Sorry but I really just have to vent here once again.
It seems as time goes on, pay rates for jobs are trending lower and lower and lower.
I find this very disturbing on a couple of levels, one as an employer and two, as an employee.
I'm finding that jobs whether they are direct or contract these days are screaming for the best of the best as far as qualifications and then turn around and offer McDonald's Fry cook wages.
Less than 5 yrs ago I'd find requests for top level CAD Designers on Inventor getting upwards of $40 per hour. CAD Administrators pulling in rates of over $75 per hour. These were all 6 month plus contracts, no per diems, no bennies, etc., strick contract.
Today? Today I get requests or offers for these same types of people, one recently wanted a "very strong Inventor Design Engineer. Must be certified on Inventor, have extensive Sheet Metal experience along with Ansys" Long term contract, no per diem, no bennies, no relocation...maximum pay rate? Be sure you're sitting down and NOT drinking anything......
That's right, a mere $18 ph hour is the maximum the company is willing to pay for this position.
I'm sorry, but I myself, as an employer can not afford to hire a person at those rates (consider a typical billing rate would be 35% more than the pay rate, not including any profit margin).
$18 ph hour are mid to late 1980's rates.
My business is failing to keep open because of employers like this doing nothing more than taking advantage of the unemployment situation and only looking at the short term benefits. For once the economy or employment start to pick up again, all those people they took advantage of are gonna be gone and the employer will be forced to start the process all over again, spending a ton of time and money advertising, recruiting and then training the candidate on their in-house processes, all while hoping the person actually picks it all up and becomes a valuable employee.
I'm sorry, but that is extremely poor business practice. That simply costs the company much more in the long run as opposed to paying a proper rate and not only getting, but maintaining the right candidate over the long haul. As we all know, each time a noobie comes in, everyone around them ends up having to hold their hands and guide them until they are able to work on their own, thus everyone that helps the noobie slows down a bit in their own production level. Why in the world would any decent manager put their department through that process on a regular basis?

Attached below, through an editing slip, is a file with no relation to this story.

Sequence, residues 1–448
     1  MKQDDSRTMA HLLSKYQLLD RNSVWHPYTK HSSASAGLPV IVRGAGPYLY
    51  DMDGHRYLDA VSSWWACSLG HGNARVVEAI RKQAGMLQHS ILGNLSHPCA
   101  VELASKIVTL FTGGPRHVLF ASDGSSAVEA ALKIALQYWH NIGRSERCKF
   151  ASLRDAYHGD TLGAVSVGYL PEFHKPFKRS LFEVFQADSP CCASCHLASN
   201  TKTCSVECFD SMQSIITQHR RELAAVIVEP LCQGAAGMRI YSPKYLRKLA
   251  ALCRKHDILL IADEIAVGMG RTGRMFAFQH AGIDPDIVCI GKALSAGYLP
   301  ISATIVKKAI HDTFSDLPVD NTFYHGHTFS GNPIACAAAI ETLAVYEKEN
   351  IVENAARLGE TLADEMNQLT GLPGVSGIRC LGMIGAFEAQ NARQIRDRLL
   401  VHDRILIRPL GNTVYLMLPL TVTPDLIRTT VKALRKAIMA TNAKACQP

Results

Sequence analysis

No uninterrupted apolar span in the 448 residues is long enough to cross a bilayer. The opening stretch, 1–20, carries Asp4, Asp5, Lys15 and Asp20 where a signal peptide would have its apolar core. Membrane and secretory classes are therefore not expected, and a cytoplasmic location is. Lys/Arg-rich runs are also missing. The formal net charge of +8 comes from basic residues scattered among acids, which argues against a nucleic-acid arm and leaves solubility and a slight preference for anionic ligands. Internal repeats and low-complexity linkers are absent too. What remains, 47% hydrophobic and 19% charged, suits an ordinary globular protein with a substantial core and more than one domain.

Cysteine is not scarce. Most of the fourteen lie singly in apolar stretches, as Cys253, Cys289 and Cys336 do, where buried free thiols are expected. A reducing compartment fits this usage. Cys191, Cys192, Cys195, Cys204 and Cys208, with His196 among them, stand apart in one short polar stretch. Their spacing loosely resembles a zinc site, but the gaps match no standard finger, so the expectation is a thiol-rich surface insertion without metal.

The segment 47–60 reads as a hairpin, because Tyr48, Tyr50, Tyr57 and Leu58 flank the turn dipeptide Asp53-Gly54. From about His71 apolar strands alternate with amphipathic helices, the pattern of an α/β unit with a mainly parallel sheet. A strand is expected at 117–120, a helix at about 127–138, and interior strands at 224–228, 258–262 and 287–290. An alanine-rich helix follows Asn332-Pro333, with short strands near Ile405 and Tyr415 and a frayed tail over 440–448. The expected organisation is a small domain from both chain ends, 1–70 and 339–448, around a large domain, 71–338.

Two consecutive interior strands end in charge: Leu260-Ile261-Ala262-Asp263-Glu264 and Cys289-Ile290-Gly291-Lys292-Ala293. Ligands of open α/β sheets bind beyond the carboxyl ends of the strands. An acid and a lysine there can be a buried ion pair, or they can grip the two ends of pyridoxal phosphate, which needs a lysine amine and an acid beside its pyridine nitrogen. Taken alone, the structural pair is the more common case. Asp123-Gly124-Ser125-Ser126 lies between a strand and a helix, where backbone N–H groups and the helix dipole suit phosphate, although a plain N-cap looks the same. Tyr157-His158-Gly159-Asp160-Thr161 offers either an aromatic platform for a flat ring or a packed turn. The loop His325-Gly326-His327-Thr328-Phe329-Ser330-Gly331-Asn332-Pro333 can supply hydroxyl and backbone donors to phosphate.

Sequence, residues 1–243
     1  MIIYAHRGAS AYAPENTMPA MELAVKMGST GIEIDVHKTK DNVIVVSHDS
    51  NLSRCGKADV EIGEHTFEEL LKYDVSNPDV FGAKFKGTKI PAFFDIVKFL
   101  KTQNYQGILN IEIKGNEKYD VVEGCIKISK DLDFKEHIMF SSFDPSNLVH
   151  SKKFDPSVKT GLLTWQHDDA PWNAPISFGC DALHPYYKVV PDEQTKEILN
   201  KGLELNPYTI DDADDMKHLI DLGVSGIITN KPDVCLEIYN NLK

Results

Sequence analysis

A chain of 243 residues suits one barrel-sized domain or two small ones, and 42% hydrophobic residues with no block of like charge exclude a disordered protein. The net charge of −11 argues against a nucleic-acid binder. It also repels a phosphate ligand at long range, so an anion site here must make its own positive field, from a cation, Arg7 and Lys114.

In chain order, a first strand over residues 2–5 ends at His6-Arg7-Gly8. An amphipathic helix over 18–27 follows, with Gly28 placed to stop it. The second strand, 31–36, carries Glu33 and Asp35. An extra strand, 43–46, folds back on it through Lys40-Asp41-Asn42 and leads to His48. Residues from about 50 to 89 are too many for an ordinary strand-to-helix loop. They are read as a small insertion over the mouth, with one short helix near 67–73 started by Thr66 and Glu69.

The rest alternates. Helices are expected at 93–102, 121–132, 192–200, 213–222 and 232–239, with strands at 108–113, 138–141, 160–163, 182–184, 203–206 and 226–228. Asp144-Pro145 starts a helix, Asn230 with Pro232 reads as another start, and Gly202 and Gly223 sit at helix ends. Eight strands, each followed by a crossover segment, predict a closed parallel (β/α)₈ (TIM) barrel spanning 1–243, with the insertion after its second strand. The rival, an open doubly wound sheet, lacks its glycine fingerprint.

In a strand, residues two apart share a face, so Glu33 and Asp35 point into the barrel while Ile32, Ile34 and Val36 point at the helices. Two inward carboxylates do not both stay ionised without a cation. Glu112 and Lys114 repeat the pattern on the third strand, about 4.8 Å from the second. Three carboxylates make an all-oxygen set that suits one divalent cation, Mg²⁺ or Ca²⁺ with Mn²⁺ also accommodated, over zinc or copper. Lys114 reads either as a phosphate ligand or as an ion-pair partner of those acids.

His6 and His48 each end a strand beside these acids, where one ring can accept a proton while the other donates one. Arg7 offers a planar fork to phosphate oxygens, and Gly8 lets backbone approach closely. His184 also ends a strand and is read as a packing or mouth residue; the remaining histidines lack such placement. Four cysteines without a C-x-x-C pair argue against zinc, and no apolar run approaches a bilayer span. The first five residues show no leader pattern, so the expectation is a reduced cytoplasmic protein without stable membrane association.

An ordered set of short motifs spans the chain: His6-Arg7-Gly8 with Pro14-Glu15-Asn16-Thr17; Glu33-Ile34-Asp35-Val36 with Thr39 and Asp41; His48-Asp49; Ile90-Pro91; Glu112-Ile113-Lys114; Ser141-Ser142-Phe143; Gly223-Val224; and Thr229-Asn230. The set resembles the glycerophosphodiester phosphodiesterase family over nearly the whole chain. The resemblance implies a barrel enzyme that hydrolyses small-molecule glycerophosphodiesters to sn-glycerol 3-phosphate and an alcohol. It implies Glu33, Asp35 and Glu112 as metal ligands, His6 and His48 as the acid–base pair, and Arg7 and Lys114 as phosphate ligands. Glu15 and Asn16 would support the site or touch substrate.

Our rates are typically lower than my competition mainly becuase I don't have the overhead they do, but I still can't keep my employees working for those rates. I have people counting on me to find them work, including myself and I can't seriously look them in the face and ask them to relocate on their own dime 1/2 across the country for $18ph.
Anyone esle seeing this going on?
I know of companies in England, who for the last 5 years have not paid overtime rate, just flat rate, there are companies that won't even pay that, they have people working weekends and nights upwards of 60 hours for a standard 40 hour take home pay. And if you don't like it 'leave' because there are enough people who will do it.
Oh, don't get me started.
When I first started working in the industry, and I was approached about jobs that I didn't want, I would pass them onto friends who worked for our contractors/consultants, etc. Once I got into conversations with those guys about the pay rates of the jobs I'd passed on to them, they were dumbfounded, because their employers told them that the low wages they were getting were 'industry standard' (and this was before the economy took a nosedive).
I know it's considered impolite to talk about money, but, a dialog had to start.
That networking was a big reason why I started my LUG here back in the day, and why I spend so much time working on salary issues with AUGI.
When my husband was looking for work after we were married, he couldn't take any of the available jobs... the pay was NOT enough to cover daycare and transporation, so he became a stay at home parent, and we were just lucky that my job was stable.
There's a guru with 10 years of structural design experience and a degree in civil engineering, dropping out of the workforce... leaving the work to be done by whom?